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Each year North York Harvest Food Bank teams up with the Daily Bread Food Bank to release the annual “Who’s Hungry” report. It is a snapshot of food bank use in Toronto.
Surveys were conducted on a completely voluntary basis within participating food banks. 33 food banks participated and over 1400 surveys were used to create the report.
This report always releases staggering numbers and highlights the problem with food insecurity in our local community and the affect it has on our neighbours in Toronto.
Food Bank use in the Inner Suburbs has grown 68% since 2010
We have been seeing a major increase in visits to the North York Harvest Food Bank. Residents may be forced to leave the city core to find more affordable rent. Though being able to afford both rent and food is still out of reach for many.
The growth in the east end has increased dramatically. Food bank use in this area of the city has increased 30% compared to 4% or less in other parts of the city. Many of the residents there are newcomers, having fled due to international conflict or natural disasters – most paying around 82% of their income on rent alone.
“I HAVE COPED BY NOT EATING WELL OR SOMETIMES I DON’T EAT. ACTUALLY I DON’T EAT ABOUT ONCE A WEEK BECAUSE THERE ARE EXPENSES FOR MY ILLNESSES.” ~ SURVEY RESPONDENT
Social Assistance just isn’t enough anymore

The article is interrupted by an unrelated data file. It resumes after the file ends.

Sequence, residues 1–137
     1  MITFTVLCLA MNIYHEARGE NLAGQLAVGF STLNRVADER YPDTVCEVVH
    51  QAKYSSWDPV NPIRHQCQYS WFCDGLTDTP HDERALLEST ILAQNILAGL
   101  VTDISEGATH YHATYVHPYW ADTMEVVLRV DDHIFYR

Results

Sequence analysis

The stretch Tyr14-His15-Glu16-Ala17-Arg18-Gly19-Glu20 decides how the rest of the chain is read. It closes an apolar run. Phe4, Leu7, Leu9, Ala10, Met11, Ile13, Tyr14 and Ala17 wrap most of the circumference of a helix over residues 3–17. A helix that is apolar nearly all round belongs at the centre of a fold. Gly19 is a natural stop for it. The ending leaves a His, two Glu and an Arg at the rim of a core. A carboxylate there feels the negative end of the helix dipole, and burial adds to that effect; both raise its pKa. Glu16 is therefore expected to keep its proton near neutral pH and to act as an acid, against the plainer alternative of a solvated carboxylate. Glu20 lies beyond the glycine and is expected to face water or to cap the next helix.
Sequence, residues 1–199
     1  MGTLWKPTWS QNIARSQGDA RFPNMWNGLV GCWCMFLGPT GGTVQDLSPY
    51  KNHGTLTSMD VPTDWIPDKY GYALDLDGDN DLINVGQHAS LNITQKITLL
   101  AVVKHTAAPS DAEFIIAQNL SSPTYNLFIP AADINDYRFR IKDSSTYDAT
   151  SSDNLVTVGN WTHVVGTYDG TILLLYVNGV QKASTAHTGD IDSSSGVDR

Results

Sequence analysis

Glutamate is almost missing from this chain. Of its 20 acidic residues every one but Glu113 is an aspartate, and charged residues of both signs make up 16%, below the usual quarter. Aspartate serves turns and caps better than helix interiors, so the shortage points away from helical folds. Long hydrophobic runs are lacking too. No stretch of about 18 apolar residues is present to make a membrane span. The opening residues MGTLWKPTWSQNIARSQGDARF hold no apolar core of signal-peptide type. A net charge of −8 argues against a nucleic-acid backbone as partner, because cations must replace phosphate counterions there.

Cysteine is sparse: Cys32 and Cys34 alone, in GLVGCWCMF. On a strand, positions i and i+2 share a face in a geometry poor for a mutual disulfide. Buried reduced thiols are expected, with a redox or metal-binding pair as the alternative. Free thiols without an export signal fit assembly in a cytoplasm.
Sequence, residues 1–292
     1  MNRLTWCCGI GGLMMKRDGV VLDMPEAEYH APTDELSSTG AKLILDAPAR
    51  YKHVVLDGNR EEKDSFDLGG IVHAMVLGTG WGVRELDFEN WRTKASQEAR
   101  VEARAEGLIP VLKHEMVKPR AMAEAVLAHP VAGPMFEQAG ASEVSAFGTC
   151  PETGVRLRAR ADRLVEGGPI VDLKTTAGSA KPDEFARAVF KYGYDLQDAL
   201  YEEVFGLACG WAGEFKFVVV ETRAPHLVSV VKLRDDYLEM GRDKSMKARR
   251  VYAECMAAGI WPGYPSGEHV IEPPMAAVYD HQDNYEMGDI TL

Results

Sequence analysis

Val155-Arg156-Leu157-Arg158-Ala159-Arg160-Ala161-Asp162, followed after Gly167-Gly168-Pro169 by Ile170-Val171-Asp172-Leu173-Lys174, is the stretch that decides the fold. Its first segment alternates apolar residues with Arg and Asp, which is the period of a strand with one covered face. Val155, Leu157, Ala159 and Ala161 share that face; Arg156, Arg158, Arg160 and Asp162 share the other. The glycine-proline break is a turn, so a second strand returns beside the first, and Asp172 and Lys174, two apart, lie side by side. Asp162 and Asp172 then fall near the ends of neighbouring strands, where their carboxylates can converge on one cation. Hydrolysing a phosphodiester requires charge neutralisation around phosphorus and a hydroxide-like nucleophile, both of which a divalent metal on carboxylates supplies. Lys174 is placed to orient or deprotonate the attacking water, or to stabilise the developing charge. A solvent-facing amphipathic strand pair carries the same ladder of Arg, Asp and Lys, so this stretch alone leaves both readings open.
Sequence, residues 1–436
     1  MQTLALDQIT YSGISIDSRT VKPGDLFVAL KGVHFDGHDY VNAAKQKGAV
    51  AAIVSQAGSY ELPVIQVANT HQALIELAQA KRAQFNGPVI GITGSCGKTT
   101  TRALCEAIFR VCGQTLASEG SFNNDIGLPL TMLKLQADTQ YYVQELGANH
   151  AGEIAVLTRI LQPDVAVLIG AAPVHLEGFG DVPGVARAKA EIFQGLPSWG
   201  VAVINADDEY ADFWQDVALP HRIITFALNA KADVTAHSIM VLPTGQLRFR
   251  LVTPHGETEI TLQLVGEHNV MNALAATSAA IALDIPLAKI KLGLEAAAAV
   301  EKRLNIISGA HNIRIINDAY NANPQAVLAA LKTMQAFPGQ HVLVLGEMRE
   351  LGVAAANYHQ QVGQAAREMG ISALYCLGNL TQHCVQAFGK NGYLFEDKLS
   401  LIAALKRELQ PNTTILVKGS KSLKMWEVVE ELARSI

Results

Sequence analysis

The lack of sufficient income brings many people to food banks. The average monthly income for clients is just $816.50. For a city like Toronto that will not even pay for rent on a one bedroom apartment.
34% of adults have gone hungry at least once every week because they spend all of their income on rent and utilities leaving them struggling to pay for other items such as food, clothing and transit. Sacrificing food can lead to poor mental and physical health.
“I AM DEPRESSED, HAVE GAINED 50 POUNDS. I HAVE LOST FRIENDS AS I CANNOT AFFORD TO SOCIALIZE OR HAVE TTC FUNDS TO GO TO THEIR HOMES.” ~ SURVEY RESPONDENT
Usage of food banks by seniors has skyrocketed
Within just a year, food bank usage of people ages 65 and up has increased by 26.8%! It is also quite possible there is a higher need among seniors but many may not be able to attend the food bank due to barriers such as transportation or lack of physical ability.
22% of seniors have skipped meals for an entire day because they couldn’t afford to eat – for many of them, it happened almost every month. Many report using their small amounts of money on prescription medications. Lack of food can worsen any pre-existing health problems seniors may have.
Another reason that seniors are accessing the food bank more than ever is that many aren’t getting a boost to their income through the Guaranteed Income Supplement they may be entitled to receiving. The reason many are not receiving this benefit could be sheer lack of awareness, the difficulty in applying do to lack of technical support or language barriers.